Maybe I'm a little biased towards green because it's probably my second-favorite color.

In fact, it's right behind...

#1 -- Blue

As far as borders go, Topps was quite experimental when I was first starting to enter the hobby.

Both 1998 and '99 Topps have a brown-ish theme. Topps's 2000 effort featured silver borders. As mentioned earlier, 2001 included a rather ghastly shade of green. In 2002, Topps went to some sort of strange "burnt gold" borders.

In 2003, however, Topps produced what I believe to be the greatest set of the millennium thus far.

And it's all thanks to those lovable blue borders.

No other set had made more use of the color before that. And nothing has ever since. It's safe to say that Topps cornered the market on blue borders in 2003.

There's just something about them that makes for great baseball cards.

Unfortunately, Topps has basically been dominated by white borders ever since. And it's not a trend I'm particularly happy about.

Do us a favor, Topps. Give another border a shot.

Try something new.


petethan said...

Probably the number one reason for Topps sticking to white for the base cards is to leave a blank slate for the ever popular rainbow o' parallels. But I think it's great when white is the rare alternate border color. The reason I don't like '07 has to do with the stupid squares taking up so much space, rather than the black borders. But one thing that worked beautifully was the white Opening Day versions, which looked great as alternate versions. Another great example is 1991 Score, a set which used multiple colors for borders, including white. The white cards looked great because they were a change of pace, rather than the norm.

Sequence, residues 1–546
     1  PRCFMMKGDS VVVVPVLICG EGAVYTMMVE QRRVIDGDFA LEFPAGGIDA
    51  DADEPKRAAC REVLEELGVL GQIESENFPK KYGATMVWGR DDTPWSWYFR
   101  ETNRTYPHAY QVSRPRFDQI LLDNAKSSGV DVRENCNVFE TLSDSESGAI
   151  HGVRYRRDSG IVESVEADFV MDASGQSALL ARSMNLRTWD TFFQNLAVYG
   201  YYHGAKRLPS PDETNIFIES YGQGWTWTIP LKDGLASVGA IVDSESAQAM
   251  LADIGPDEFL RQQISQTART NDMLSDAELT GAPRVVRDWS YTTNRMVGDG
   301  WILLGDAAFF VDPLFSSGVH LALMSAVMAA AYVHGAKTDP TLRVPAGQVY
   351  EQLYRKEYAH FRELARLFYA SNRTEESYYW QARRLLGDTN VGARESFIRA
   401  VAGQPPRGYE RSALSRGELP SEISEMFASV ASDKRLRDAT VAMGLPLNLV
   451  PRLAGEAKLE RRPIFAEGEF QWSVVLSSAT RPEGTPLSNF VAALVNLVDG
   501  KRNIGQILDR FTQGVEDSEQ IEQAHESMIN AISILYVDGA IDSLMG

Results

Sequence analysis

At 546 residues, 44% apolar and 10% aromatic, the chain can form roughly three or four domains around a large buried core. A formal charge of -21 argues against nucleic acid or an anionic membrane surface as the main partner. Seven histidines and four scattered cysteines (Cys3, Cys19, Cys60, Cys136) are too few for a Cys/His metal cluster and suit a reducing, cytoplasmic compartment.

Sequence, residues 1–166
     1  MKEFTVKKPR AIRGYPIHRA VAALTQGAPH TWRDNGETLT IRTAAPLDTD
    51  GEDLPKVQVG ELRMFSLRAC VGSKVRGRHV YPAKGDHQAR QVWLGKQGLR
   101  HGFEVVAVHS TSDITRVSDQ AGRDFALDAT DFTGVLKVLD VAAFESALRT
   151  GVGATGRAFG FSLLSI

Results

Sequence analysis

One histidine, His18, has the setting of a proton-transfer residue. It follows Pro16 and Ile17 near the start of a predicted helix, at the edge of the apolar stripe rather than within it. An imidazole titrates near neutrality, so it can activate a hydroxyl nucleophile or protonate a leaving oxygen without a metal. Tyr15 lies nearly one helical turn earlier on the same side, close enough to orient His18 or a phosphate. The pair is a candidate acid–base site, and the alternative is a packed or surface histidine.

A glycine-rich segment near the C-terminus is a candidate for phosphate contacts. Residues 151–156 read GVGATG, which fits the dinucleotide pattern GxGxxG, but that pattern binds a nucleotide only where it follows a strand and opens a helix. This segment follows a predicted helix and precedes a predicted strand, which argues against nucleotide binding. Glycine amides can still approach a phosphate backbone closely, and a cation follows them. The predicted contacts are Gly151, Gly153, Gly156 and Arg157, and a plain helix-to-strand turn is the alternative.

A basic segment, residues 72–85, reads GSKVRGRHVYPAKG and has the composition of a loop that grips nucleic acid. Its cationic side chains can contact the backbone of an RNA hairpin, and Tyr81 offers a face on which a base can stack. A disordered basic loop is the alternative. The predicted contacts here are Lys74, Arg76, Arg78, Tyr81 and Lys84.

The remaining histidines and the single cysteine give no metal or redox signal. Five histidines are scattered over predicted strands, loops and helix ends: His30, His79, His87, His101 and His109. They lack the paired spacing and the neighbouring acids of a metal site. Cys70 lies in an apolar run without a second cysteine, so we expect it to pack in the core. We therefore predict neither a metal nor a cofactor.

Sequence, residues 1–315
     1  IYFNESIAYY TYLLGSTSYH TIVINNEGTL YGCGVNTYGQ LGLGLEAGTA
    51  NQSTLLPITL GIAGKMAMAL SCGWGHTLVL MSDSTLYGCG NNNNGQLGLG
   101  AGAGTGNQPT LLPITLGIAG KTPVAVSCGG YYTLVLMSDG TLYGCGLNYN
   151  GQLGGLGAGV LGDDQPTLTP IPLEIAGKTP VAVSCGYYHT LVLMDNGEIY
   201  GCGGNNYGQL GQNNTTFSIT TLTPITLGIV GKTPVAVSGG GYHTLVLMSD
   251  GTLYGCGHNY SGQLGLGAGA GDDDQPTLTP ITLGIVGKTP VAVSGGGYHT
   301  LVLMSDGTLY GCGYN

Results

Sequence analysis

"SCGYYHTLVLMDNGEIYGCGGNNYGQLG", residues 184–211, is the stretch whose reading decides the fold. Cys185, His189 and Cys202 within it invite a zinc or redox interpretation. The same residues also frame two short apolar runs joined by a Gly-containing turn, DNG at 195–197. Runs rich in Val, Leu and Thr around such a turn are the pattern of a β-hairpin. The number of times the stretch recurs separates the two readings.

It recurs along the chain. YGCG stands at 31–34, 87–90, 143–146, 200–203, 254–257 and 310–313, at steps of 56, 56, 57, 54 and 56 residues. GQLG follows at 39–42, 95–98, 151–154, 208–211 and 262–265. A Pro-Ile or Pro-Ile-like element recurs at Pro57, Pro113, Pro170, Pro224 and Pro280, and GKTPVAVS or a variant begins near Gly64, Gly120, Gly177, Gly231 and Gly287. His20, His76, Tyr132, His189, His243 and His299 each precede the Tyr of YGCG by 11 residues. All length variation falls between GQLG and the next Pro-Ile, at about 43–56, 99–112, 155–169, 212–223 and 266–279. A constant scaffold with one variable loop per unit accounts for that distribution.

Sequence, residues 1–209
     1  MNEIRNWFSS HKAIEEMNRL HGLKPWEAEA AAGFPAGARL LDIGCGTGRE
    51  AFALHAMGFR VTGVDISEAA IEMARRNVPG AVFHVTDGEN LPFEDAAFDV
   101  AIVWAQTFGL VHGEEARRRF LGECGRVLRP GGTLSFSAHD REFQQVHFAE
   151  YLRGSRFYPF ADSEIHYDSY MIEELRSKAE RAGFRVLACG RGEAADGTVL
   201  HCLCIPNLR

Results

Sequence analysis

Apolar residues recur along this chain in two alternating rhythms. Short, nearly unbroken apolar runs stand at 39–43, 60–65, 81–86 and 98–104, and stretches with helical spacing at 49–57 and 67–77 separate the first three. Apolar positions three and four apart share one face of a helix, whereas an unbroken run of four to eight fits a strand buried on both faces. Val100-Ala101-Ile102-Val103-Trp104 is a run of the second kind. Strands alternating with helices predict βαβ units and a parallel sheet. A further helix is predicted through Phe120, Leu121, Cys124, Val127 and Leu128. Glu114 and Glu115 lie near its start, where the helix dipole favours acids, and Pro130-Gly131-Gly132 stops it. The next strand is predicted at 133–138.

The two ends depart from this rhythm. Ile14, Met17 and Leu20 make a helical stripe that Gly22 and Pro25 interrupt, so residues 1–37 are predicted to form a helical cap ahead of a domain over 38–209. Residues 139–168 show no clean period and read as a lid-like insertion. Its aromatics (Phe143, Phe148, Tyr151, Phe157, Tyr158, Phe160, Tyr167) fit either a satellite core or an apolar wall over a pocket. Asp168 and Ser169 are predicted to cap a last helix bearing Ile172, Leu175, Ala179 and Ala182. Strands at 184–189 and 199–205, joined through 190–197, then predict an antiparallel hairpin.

I'm with you. Give us a set with colored borders, and make one of the rare serial numbered parallels white. I'd dig that.

And I vote for bright grass green. Heck, maybe even give us a grass pattern, in the same vein as the wood grain thing.

night owl said...

A colored border runs the risk of looking cheap or childish (think junk wax-era Donruss/Fleer). There's a reason Upper Deck went with white borders during its early years.

White borders have a timeless quality and aren't as prone to being considered a "bad design" as a colored border is.

That said, a lot of colored bordered sets are my favorites. When it's done right, it can be memorable.

hiflew said...

I think the time is right for another two toned border like 1975 Topps or 1986 Topps. I also think a grass pattern is a fantastic idea. I could also see a photo being used as a background, perhaps of some empty seats with a player photo put inside it. Either way, I am with you in that the "white out" is getting kind of old.

BaseSetCalling said...

as the owner of a couple-three dozen pink cards this year, I can say the Pink is very nice. It would never happen as the base card in a set because the rage would fly.

Personally, I was glad the wood got left in Heritage when it was due to come up again. No Thanks.

But overall, it's time.

Marcus said...

I'm not a fan of the wood grain, and I love '91 Fleer too much to ever think that yellow borders would work for any other set. I wouldn't be totally against a set like early 90s Score where there are lots of different borders in the same set. I'm not a huge fan of some of those because of the color choice, but I think that it could still look good. Not holding my breath on that one, though.